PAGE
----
Democrats and Republicans have descended into a partisan feud over a probe into Trump campaign ties to Russia. Democrats accuse Republicans of obstructing the investigation.
The Republican head of a congressional committee investigating alleged Russian interference in last year's elections said on Monday he had received no intelligence evidence of contacts between Trump's campaign and Russian officials.
"Here at the committee, we still don't have any evidence of them talking to Russians," Devin Nunes, Republican chairman of the House Permanent Select Committee on Intelligence, told reporters. "And what I've been told by many folks is that there is nothing there."
Nunes, who was a member of Trump's presidential transition team, also said there was no need for a special prosecutor as being pushed by some Democrats and suggested it was unnecessary for President Donald Trump to release his tax returns to address allegations of business ties to Russia.
The Trump administration has been plagued by accusations and media reports several members of his campaign, including former campaign chair Paul Manafort, communicated with Russian officials during the election in which there were possible Russian attempts to influence the outcome in Trump's favor.
The Federal Bureau of Investigation (FBI) has been examining contacts between Trump advisers and Russia as well as Moscow's interference in the election, including hacking into the Democrats. Both the Senate and House intelligence committees are also conducting separate investigations.
Nunes' assertion prompted a sharp rebuke from the top Democrat on the House intelligence committee, spilling a partisan political fight out into the public.
Democratic vice-chair Adam Schiff said it was too early to prejudge any investigation before evidence had been presented.
"We haven't obtained any of the evidence yet. So it's premature for us to be saying that we have reached any conclusion about the issue of collusion," he said. "You don't begin by stating what you believe to be the conclusion."
Independent review 'recommended'
House Democratic leader Nancy Pelosi said Nunes' remarks raised concerns about Republican stonewalling the investigation.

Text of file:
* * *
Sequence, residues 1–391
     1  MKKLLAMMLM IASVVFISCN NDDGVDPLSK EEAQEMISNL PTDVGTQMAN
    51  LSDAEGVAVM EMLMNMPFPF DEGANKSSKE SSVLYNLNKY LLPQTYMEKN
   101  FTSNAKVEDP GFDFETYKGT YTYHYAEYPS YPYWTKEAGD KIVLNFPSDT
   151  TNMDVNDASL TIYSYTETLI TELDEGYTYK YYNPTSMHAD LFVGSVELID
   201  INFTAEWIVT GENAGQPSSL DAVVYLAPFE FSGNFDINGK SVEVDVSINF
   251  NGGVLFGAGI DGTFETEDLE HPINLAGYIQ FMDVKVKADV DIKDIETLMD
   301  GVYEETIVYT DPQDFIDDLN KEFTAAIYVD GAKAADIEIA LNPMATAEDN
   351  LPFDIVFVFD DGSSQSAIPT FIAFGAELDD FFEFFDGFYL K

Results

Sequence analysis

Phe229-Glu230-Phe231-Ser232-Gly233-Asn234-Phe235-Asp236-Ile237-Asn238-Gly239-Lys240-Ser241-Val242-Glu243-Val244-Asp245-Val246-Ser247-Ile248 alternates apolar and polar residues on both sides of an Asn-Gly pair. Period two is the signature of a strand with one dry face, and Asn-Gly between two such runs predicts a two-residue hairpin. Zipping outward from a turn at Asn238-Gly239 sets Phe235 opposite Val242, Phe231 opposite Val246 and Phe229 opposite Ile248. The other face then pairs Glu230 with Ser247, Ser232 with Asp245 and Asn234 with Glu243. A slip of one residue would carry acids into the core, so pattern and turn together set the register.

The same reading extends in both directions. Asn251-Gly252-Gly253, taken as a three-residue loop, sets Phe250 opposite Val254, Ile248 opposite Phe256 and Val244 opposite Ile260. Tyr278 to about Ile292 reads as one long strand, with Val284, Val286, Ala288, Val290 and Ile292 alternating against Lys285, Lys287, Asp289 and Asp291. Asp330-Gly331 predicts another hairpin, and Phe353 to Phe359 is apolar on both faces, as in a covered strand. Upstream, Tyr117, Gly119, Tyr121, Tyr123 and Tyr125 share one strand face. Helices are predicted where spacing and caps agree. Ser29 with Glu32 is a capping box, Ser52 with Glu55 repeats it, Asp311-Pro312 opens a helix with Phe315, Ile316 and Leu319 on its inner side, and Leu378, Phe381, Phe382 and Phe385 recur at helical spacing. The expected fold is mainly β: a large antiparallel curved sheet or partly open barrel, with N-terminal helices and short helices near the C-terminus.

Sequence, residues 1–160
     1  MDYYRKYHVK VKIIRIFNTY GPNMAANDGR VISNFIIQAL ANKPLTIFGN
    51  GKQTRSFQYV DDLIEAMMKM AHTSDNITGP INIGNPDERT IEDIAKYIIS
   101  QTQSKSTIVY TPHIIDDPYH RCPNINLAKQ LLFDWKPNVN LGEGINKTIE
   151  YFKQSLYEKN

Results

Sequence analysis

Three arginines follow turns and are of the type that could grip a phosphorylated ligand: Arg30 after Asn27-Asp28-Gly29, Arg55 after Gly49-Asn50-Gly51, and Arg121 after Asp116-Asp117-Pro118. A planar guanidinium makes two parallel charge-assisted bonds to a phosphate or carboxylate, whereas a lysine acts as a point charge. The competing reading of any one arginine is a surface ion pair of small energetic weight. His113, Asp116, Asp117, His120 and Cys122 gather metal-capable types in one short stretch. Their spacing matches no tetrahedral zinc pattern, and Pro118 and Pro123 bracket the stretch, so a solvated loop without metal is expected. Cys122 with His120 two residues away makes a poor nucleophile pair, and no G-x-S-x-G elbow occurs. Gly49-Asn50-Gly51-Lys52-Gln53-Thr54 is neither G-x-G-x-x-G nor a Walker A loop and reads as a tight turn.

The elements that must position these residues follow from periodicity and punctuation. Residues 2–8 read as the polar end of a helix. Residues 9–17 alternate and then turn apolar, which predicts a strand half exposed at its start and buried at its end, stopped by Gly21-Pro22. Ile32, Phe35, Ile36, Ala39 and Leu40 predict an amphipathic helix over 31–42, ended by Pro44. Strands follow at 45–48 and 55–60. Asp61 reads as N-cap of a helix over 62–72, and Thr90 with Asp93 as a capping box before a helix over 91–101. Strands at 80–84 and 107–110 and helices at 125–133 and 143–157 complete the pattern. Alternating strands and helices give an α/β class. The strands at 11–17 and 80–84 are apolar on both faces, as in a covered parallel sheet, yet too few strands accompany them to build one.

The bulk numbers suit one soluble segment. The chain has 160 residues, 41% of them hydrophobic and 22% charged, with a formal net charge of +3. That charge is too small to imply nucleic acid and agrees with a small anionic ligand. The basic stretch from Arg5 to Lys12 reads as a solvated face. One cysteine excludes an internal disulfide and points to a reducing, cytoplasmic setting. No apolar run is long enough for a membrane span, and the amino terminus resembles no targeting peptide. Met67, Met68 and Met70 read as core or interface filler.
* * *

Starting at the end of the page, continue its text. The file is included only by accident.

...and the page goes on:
Democrats have called for either a bipartisan committee or an independent prosecutor to investigate the Russia claims. Republicans have resisted Democratic calls for an independent prosecutor, but on Monday Representative Darrell Issa became the first Republican to break with the party on an independent investigation.
"I want the Trump administration to be successful and that starts with embracing high standards for openness and transparency," he said in a statement. "Any review conducted must have the full confidence of the American people, which is why I recommended an independent review."
The partisan bickering comes as the "Washington Post" over the weekend reported that the Trump administration had asked Nunes and Senate Intelligence Committee Chairman Richard Burr to contact journalists in order to rebuff media reports of alleged cooperation between Russia and Trump officials. That story came after the "New York Times," citing intelligence sources, reported Trump campaign aides' contacts were with Russian intelligence.
The White House admitted last week it asked the FBI to help fend off what it called a "false" New York Times report by making its investigation public.
"This started with the FBI bringing it to us, bringing it to our attention, saying the story in the Times was not accurate," White House spokesman Sean Spicer said Monday. "All we said is: 'That's great, could you tell other reporters the same thing you are telling us?'"
Nunes on Monday confirmed the White House had given him the phone number of a reporter, but denied allegations the administration had asked him to combat the media reports. Instead, he said he was promoting transparency.
cw/gsw (AFP, AP, Reuters)